Scientists discover taste receptors in the lungs

Washington: American scientists have found taste receptors in human lungs similar to those on the tongue, a discovery which they say could revolutionise the treatment of asthma and other obstructive lung diseases.

University of Maryland researchers who accidentally found the taste receptors in the lungs said they play a key role in regulating airway contraction and relaxation.

The airways are the pathways that move air in and out of the lungs, one of several critical steps in the process of delivering oxygen to cells throughout the body. In asthma, the smooth muscle airways contract or tighten, impeding the flow of air, causing wheezing and shortness of breath.

"The detection of functioning taste receptors on smooth muscle of the bronchus in the lungs was so unexpected that we were at first quite sceptical ourselves," said study`s senior author Stephen Liggett, a professor of medicine and physiology at the University of Maryland School of Medicine.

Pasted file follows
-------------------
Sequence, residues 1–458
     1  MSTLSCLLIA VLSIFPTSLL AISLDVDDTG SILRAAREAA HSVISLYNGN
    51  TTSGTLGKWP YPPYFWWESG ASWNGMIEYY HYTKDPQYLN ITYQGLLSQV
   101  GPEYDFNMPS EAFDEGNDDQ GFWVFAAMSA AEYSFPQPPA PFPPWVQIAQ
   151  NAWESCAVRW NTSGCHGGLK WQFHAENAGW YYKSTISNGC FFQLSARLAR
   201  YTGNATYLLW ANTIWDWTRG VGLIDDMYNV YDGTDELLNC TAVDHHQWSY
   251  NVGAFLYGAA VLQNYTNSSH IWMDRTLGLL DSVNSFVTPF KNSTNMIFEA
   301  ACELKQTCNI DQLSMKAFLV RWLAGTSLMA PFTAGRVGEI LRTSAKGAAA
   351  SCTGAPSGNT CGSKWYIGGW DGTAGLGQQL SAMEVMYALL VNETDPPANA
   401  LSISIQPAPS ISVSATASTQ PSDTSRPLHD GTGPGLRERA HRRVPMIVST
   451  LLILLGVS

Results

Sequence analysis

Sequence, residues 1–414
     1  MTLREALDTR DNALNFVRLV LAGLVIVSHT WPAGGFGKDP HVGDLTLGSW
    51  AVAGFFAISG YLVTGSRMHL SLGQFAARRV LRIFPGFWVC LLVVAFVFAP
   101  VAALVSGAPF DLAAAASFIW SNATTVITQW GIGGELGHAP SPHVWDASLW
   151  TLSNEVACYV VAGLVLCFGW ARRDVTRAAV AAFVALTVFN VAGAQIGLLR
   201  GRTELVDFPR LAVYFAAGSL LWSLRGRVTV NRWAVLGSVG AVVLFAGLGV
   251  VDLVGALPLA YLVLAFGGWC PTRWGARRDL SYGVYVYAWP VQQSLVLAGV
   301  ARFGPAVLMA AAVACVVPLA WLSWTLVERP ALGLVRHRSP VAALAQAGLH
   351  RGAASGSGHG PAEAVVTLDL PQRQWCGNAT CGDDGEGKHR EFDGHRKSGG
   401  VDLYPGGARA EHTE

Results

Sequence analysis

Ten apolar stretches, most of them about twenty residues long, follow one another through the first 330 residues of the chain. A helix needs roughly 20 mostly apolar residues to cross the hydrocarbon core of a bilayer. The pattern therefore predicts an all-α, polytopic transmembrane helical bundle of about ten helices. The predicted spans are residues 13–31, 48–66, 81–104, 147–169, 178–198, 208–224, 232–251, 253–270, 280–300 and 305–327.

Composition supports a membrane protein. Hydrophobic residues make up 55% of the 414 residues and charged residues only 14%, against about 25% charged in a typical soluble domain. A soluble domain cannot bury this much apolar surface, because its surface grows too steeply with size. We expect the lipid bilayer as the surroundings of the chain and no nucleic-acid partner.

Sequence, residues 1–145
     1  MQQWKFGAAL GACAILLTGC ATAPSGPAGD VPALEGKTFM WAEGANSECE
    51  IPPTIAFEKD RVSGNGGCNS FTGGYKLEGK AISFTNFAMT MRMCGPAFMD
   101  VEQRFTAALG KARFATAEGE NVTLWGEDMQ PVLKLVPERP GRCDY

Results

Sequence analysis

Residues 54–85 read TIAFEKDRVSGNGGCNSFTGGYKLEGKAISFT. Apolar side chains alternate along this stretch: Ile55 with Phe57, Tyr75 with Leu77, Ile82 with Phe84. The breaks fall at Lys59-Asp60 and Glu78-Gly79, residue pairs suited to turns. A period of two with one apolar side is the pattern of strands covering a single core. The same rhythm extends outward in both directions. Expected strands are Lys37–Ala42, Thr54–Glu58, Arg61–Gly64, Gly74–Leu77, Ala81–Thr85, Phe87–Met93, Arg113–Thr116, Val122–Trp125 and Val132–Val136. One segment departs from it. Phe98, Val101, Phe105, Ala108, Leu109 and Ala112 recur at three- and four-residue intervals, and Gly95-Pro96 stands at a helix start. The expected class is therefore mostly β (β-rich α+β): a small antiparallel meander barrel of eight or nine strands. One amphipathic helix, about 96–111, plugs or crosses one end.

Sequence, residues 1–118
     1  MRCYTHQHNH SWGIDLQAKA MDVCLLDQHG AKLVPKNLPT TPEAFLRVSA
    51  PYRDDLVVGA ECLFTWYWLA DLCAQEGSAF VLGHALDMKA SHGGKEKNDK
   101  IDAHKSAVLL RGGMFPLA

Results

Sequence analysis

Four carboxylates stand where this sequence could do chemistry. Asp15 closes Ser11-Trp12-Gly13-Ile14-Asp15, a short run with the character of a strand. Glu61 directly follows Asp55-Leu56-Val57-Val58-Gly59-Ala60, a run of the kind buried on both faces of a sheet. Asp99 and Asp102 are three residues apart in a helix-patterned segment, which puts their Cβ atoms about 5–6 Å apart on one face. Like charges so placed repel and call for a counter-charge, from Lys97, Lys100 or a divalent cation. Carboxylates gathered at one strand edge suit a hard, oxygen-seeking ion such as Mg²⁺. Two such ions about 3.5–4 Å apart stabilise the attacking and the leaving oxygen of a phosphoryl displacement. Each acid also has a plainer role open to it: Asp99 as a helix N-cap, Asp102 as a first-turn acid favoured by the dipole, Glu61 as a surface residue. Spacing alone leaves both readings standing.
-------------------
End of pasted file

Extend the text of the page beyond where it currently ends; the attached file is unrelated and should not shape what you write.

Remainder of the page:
Dr Liggett, whose team found the taste receptors by accident during an unrelated study of human lung muscle receptors, said the taste receptors in the lungs are the same as those on the tongue.

While the tongue`s receptors are clustered in taste buds that send signals to the brain, the receptors in the lungs are not clustered in buds and do not send any signal to the brain, yet they respond to substances that have a bitter taste.

For their study, published online in Nature Medicine, Dr Liggett and his team exposed bitter-tasting compounds to human and mouse airways, individual airway smooth muscle cells, and to mice with asthma.

They found that the bitter compounds opened the airway more profoundly than any known drug used for treating asthma could have.

According to the researchers, there are thousands of compounds that activate the body`s bitter taste receptors but are not toxic in appropriate doses. Many are synthetic agents, developed for different purposes, and others come from natural origins, such as certain vegetables, flowers, berries and trees.

The team tested a few standard bitter substances known to activate these receptors. "It turns out that the bitter compounds worked the opposite way from what we thought," said
Dr Liggett.

"They all opened the airway more profoundly than any known drug that we have for treatment of asthma or chronic obstructive pulmonary disease (COPD)."


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